Corteza Discovery provides a powerful search engine to interact with your data. Corteza Discovery defines an intuitive interface to search and, in some cases, visualize the data such as geographical metadata.
To access Corteza Discovery, navigate to your Corteza instance and click on the Discovery application.
In the Corteza Discovery application you are presented with an intuitive user interface where the general filters are available on the left side of the screen, a search box on the top, and the search results just below the search box.
To find exactly what you’re looking for, apply a general filter. It is located on the left side of the screen. Click on the checkbox next to a filter to apply it to the search results.
You can insert a search query in the input box on the top of the screen to filter over the remaining search results. The querying tries to find the best results based on the available data and the search term you’ve provided.
If a search result defines a geographical location, it can be visualized on a map. To visualize search results on a map, click on the map button in the bottom-right corner.
When you click on the map button a map appears right from the resulting data. Mappable search results are represented as pins on the map; search results that can not be mapped are omitted from the map but still preserved in search results.
Corteza Discovery is a stand alone application, independent from the rest of the Corteza system. In order to make Discovery functional, you must grant access by creating an auth client along with a user and a role.
Access control defines what data the Discovery indexer has access to; more in the index configuration sections.
Firstly define a new role for the Discovery indexer to use. Open the Corteza Admin web application and navigate to. Click on the new button, fill in the parameters and click on the submit button.
Next, define a new user that the Discovery indexer should identify as. In the Corteza Admin web application navigate to. Click on the new button and fill in the parameters and click on the submit button.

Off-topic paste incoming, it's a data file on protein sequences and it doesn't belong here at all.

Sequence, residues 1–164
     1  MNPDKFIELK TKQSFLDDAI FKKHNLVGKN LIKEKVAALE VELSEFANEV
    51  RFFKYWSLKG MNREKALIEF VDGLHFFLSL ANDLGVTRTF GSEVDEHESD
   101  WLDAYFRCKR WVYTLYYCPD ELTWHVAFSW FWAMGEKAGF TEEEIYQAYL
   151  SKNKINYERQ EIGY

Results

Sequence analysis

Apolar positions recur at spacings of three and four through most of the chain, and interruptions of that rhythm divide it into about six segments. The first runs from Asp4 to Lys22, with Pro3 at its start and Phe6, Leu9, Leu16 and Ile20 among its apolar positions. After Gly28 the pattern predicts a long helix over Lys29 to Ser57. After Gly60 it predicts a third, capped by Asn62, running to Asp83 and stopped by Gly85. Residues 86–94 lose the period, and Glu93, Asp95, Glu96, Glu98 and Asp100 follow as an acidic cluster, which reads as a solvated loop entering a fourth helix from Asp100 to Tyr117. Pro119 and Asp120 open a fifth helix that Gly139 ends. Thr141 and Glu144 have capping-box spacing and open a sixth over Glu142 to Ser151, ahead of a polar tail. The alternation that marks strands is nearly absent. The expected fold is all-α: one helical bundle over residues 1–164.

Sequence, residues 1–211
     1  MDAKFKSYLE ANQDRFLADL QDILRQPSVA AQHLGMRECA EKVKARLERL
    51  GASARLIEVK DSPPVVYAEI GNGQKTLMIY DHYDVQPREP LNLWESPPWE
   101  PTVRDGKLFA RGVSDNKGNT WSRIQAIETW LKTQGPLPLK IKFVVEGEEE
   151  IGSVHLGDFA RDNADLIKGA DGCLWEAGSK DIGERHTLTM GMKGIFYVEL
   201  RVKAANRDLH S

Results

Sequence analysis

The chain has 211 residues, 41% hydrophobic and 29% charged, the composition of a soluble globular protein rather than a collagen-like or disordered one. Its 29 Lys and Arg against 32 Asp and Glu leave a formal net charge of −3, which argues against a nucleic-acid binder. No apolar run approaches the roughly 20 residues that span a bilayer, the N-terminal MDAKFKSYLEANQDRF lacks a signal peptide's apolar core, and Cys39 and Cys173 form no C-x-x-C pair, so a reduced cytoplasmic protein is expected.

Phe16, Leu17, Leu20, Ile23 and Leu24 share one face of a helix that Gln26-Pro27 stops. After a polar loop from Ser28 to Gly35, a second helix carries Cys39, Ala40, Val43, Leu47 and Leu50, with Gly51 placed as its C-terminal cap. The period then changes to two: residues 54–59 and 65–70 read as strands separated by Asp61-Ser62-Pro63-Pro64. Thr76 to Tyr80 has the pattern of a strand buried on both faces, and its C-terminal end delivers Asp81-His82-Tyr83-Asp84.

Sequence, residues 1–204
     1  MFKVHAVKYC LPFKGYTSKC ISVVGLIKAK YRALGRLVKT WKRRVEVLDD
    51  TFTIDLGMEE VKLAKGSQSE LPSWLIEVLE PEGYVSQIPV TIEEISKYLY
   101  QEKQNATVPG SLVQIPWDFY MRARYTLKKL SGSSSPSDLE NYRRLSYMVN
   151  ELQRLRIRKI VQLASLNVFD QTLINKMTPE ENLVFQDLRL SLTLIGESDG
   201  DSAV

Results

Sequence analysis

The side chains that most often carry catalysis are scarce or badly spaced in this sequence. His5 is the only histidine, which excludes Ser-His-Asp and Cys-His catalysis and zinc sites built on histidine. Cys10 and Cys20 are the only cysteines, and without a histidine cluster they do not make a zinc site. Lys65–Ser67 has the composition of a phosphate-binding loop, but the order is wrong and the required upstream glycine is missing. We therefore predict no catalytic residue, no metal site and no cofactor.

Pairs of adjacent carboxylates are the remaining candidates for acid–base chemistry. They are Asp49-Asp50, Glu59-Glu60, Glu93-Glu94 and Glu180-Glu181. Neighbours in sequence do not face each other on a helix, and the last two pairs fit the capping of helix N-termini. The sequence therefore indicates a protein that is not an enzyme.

After you save the user, assign them the role you’ve created earlier.
Lastly, define an auth client that the Discovery indexer should use to authenticate with Corteza.
Since authentication between two systems is being performed, you should to use the
In the Corteza Admin web application navigate to
client_credentials grant type and check the
allow client access to Corteza Discovery API on behalf of user.
Select the previously created user in the
impersonate user input and click on the submit button.
It is recommended you define a new auth client for a new external application instead of reusing existing ones.
Copy the client ID and client secret from the auth client and keep them safe for later use. The clientID is located in the URL address bar, and the client secret is in the field labeled as such
Data visibility defines what is indexed and is controlled by the standard access control facility. The Discovery indexes everything it currently has access to.
To control data visibility, configure access control rules for the role we’ve defined in the integration configuration section above.
Refer to the example where the indexer is limited to only show records from a specified namespace.
Indexing policy defines how the data is indexed and who it can be accessed by. Indexing policy allows you to make specific fields accessible publicly or only for authenticated users.
Currently, the indexing policy applies to specific fields. To control entire rows, use data visibility.
There are three policies: private, protected, and public. The private policy is used by default.
Currently, only compose modules allow custom indexing policy.
If a resource supports indexing policy, there is a discovery settings button on the configuration page.
When you click on the discovery settings button, a popup opens. It presents the index policy configurator.
To configure the policy, click on the corresponding tab and add the fields you wish to apply the policy to.
If a search result is covered by multiple index policies, the one covered by the most restricting policy is returned.
Private indexing policy is used by known, authenticated users to do cross-system searches.
Private index policy should be used whenever indexing sensitive data or data you don’t wish to expose publicly.
Protected indexing policy is meant for foreign systems that are under some kind of access control.
Protected indexing policy should be used when you have an external system accessing the data and that external system performs the required access control.
If external systems are not involved, use either private or public indexing policies.
Public indexing policy is meant for users that are not logged-in.
Public indexing policy should be used when you want to make data available publicly without the need to know who is accessing it.